Trauma, Postmodernism and the Aftermath of World War II, by Paul Crosthwaite (Palgrave Macmillan, 2009).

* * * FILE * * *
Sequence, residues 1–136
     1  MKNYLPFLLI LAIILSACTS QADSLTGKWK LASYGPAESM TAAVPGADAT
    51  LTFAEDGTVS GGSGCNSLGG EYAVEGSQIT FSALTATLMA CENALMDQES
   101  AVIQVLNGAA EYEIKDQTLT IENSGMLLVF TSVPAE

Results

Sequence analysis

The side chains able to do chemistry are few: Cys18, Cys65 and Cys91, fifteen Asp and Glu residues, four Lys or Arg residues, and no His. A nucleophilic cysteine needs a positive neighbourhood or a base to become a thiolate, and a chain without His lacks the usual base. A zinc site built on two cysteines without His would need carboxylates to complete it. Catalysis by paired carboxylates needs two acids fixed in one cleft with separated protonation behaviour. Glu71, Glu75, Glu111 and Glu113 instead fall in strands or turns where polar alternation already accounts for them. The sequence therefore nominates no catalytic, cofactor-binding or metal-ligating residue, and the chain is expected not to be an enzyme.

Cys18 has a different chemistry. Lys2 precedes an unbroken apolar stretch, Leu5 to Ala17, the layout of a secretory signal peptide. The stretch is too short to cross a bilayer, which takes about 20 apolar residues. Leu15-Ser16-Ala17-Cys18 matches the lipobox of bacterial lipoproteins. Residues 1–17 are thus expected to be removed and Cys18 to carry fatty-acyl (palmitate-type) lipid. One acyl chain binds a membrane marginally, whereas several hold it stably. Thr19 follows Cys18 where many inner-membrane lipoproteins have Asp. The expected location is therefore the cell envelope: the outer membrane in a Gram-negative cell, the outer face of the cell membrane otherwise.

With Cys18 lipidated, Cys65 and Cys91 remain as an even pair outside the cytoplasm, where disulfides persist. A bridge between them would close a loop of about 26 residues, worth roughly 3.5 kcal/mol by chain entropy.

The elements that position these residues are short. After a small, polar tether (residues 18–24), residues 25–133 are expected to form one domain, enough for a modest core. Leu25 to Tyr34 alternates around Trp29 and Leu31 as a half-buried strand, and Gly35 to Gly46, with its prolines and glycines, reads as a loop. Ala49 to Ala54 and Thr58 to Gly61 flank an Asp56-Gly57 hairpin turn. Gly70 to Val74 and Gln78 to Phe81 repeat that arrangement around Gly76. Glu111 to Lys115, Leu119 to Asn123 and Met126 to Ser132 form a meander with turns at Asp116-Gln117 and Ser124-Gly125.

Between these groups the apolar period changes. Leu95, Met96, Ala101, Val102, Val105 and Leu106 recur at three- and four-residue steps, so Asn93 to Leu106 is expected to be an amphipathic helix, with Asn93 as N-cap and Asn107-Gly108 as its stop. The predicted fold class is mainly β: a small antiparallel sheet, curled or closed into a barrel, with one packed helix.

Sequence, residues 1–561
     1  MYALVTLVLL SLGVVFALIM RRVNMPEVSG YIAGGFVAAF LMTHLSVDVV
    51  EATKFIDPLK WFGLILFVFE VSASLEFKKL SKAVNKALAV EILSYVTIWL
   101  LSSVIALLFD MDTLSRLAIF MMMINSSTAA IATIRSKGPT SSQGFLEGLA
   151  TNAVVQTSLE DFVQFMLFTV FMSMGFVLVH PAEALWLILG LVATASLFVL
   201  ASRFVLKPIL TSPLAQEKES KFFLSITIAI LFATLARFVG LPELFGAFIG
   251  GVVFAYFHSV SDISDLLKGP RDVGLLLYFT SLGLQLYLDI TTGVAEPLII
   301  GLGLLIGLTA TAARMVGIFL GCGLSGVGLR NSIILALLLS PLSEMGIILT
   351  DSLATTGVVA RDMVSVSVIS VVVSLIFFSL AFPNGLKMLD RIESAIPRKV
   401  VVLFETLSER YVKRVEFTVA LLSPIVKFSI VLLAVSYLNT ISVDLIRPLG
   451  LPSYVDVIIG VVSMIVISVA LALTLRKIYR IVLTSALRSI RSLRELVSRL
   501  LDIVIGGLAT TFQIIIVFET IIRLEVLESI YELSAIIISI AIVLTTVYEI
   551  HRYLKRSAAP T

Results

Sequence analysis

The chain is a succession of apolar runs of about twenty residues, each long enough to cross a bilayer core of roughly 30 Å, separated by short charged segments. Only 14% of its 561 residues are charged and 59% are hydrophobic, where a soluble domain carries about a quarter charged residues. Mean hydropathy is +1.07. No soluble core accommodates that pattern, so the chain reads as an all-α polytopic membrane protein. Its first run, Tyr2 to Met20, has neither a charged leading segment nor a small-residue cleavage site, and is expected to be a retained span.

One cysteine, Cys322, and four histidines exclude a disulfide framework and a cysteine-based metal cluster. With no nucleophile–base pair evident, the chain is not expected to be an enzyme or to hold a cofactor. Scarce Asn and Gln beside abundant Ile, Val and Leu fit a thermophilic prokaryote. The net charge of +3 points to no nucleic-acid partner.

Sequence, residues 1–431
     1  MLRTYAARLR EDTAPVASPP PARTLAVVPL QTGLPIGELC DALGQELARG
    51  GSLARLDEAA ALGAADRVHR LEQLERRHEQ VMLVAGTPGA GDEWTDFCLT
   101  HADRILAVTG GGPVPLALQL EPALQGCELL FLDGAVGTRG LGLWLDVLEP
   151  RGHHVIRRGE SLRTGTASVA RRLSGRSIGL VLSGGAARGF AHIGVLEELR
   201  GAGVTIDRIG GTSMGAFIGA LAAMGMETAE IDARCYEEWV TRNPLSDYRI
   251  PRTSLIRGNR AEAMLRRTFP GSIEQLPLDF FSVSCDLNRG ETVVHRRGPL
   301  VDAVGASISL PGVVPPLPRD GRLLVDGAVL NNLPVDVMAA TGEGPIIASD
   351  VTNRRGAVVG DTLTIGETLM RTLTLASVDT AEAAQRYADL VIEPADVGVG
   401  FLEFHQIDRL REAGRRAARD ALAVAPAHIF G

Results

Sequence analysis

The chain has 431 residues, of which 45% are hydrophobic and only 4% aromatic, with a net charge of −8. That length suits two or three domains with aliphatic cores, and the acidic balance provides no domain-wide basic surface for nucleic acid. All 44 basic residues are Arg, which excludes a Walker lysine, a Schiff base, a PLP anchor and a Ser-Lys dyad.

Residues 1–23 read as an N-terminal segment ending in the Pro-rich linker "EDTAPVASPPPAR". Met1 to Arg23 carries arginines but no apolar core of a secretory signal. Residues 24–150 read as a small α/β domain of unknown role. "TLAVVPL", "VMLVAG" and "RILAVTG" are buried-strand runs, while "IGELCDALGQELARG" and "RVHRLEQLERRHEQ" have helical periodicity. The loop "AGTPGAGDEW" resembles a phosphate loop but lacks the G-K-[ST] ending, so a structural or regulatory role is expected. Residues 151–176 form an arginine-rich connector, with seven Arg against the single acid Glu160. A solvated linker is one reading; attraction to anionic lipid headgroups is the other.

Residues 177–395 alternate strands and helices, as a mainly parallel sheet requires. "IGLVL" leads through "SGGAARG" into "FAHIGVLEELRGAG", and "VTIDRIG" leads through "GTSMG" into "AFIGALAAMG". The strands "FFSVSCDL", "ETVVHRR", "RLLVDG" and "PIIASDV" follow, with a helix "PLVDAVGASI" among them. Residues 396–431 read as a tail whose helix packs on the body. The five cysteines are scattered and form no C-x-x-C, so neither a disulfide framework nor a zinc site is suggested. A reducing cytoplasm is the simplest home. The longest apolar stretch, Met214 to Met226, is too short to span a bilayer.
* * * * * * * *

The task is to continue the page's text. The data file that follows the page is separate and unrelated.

The radical, ‘postmodernist’ waves of experimentation that swept Anglo-American fiction from the late 1960s constitute a delayed response to the upheavals of the Second World War, yet the legacy of the war barely figures in prevalent accounts of the postmodernist movement. As Paul Crosthwaite shows in this provocative book, to recognize the significance of the war in contemporary culture is to acknowledge that postmodernism, as a sensibility, aesthetic style, and mode of thought, must be entirely reconceived. Challenging dominant theorizations of the postmodern as depthless and dehistoricized, Crosthwaite demonstrates that postmodernism has not abandoned history but has rather reformulated it in terms of trauma, trauma that is traceable, time and again, to the catastrophes of the 1940s. The book stages a revealing confrontation between influential theories of trauma and postmodernism and offers innovative close readings of key texts by Virginia Woolf, Thomas Pynchon, Michael Moorcock, J.G. Ballard, Richard Powers and Ian McEwan.